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Back alley smoked chicken served cold

Matua's Guamanian dish resembles a chicken ceviche

Chicken kelaguen. The smoke flavor is given an edge with tart, citrus-cooked tenderness.
Chicken kelaguen. The smoke flavor is given an edge with tart, citrus-cooked tenderness.

It looks like a pop up business. The front entry doesn't even have a roof, just a glassed in door frame leading to the alley between a brick warehouse and corrugated metal shed. The only sign is a printed vinyl banner draped over the top of the doorway: Matua's Sushi Bar & Islander Grill.

Place

Matua’s Sushi Bar & Islander Grill

1620 National Avenue, San Diego

But that alley turns out to contain an overachieving dining patio. It shuts out the city with a fabric backyard shade structure, and hangs colorful clusters of round paper lanterns to soften the industrial setting. When I found the restaurant through a door at the back of the patio, I don't know what I expected, but it wasn't a subterranean dining room dominated by a circular island bar.

A subterranean sushi bar inside an islander restaurant

A circular sushi bar. This place has been the home base of sushi caterer, Sushi on a Roll, for years, and according to one of my servers, it still is, sharing the venue with Matua's. Still, this restaurant isn't a pop up; it moved a year ago from South Bay, where it had been open a couple of years. Its menu is huge.

A doorway into an alley of brick and corrugated metal

And that includes sushi of its own, but there's a surplus of traditional Pacific island dishes from both Hawaii and Guam. Which sounds natural enough, until you consider geography. While Oahu sits about 2500 west of San Diego, Guam sits another 4000 miles east of that. Food-wise, the cultures have intermingled with a number of the same influences over the years, and happen to rank first and second in global spam consumption. But don't expect the Chamorro food of Guam to resemble Hawaiian.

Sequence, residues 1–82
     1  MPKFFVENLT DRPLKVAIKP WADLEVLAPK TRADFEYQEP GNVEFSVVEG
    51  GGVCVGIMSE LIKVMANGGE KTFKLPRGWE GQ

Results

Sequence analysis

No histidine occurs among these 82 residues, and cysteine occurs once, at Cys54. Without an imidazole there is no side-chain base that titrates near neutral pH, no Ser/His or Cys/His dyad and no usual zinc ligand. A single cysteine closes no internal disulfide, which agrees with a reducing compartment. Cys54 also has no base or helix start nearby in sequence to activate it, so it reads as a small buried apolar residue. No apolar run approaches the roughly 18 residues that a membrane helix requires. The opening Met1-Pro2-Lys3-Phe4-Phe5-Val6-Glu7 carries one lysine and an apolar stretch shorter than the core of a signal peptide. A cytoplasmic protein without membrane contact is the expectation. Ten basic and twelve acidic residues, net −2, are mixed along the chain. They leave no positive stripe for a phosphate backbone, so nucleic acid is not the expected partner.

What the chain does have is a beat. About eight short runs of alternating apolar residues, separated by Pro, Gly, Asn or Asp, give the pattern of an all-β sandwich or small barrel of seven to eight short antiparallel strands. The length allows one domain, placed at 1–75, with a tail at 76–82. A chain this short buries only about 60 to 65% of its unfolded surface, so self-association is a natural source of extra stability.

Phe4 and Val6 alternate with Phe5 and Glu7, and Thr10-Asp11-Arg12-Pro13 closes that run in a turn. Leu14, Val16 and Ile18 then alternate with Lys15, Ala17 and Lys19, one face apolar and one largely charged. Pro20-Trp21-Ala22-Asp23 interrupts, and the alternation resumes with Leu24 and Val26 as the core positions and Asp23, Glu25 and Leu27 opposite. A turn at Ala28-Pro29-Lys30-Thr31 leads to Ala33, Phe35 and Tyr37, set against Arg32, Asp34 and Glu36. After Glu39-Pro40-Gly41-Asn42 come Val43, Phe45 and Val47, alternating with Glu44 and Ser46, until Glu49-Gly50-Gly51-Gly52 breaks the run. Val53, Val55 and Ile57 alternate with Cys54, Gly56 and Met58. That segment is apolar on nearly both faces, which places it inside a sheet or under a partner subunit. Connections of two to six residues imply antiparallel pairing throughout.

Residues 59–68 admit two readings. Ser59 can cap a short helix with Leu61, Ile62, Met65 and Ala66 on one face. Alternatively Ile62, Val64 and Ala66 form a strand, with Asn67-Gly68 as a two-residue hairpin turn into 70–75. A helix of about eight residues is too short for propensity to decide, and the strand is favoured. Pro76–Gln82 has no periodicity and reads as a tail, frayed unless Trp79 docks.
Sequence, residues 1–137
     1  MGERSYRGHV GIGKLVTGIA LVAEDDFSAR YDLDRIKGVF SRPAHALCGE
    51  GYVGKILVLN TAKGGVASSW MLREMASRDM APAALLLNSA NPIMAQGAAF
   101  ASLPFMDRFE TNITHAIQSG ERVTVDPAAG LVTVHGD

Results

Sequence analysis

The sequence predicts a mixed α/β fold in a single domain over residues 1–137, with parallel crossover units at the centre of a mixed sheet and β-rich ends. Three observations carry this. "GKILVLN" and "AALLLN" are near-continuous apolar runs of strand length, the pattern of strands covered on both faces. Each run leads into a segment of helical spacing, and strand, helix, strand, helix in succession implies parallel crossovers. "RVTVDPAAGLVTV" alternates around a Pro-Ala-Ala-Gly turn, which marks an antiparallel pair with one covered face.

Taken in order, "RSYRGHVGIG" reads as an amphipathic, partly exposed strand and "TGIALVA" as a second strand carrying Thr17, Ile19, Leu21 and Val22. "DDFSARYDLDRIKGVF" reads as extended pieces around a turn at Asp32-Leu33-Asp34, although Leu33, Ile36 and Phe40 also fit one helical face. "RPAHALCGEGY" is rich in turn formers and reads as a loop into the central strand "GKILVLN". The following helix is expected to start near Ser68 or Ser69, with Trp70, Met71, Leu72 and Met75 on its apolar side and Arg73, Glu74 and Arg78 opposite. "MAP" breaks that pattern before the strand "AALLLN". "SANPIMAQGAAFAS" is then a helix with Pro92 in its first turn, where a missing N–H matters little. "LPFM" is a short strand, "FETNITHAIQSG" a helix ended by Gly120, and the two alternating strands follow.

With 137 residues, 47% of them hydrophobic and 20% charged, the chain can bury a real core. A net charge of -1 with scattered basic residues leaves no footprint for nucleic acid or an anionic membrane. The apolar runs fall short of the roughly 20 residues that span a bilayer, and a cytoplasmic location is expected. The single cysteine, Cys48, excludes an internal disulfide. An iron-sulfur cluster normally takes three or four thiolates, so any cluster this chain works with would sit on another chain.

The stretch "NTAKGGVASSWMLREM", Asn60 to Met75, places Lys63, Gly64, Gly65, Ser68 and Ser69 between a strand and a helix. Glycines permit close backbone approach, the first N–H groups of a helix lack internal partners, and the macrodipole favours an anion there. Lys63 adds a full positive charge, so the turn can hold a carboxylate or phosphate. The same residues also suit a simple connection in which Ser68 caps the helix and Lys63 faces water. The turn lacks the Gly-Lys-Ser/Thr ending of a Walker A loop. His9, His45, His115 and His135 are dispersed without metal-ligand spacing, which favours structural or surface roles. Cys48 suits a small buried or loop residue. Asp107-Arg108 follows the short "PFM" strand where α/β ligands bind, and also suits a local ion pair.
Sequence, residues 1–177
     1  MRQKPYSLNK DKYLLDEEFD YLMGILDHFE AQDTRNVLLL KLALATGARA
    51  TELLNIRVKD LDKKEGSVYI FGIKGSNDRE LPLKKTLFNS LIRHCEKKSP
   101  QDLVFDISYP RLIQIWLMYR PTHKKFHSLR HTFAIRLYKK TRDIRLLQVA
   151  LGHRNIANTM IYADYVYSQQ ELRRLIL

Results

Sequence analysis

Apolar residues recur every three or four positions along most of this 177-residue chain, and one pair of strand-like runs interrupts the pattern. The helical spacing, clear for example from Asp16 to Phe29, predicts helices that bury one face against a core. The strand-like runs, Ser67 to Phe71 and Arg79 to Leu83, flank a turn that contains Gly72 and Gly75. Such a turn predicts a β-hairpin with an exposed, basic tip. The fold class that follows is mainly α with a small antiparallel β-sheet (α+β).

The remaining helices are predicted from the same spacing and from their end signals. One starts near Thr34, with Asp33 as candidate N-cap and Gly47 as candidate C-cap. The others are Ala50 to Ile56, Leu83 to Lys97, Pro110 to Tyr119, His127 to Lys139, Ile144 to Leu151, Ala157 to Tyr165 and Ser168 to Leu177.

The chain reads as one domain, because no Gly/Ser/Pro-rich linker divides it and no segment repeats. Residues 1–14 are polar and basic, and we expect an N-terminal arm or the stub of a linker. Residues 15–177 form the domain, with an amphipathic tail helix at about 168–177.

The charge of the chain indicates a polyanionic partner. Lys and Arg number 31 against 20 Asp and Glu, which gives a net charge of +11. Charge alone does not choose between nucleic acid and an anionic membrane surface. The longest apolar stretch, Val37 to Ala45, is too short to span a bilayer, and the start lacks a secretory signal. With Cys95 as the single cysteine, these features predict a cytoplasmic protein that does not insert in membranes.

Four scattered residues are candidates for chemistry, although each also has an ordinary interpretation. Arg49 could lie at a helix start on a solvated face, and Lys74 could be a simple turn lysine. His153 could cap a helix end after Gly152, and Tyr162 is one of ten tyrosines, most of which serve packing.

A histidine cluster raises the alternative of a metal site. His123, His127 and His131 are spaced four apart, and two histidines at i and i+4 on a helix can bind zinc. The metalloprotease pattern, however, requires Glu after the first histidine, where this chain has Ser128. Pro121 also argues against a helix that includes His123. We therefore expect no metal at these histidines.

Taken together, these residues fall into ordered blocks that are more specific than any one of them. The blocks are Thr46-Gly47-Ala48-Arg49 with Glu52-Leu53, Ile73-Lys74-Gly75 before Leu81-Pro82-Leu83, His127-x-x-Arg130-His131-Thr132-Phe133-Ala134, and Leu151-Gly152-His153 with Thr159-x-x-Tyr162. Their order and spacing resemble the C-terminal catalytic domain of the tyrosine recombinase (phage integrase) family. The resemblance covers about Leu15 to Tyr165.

The menu uses small icons to distinguish between Hawaiian and Guamanian dishes. Guamanian food restaurants number in the single digits in San Diego County, and I didn't want to miss the chance to try one.

Specifically, some chicken kelaguen. That seems to be the signature dish of many Guamanian restaurants, probably because it's the most distinctive. Grilled chicken gets chopped into tiny pieces, then cured with lemon juice and crushed chili peppers, and served cold.

It's BBQ chicken turned into ceviche, and finished with green onions and grated coconut. There's a lot going on here, and I'm glad to report nearly all of it is good. What stands out most is the smoke flavor of the chicken, given an edge with the tart, citrus-cooked tenderness of ceviche. A relatively mild spice from the red peppers gives way to a touch of coconut.

It's served with red rice, the color coming from achiote, which like the red peppers of the kelaguen reveals Guam's longtime access to Mexican ingredients as a fellow Spanish colony. In this way, kelaguen is an artifact of global history, a dish that could only have developed on a far-flung island on the western reaches of the Pacific. Just as important, it tastes good.

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Chicken kelaguen. The smoke flavor is given an edge with tart, citrus-cooked tenderness.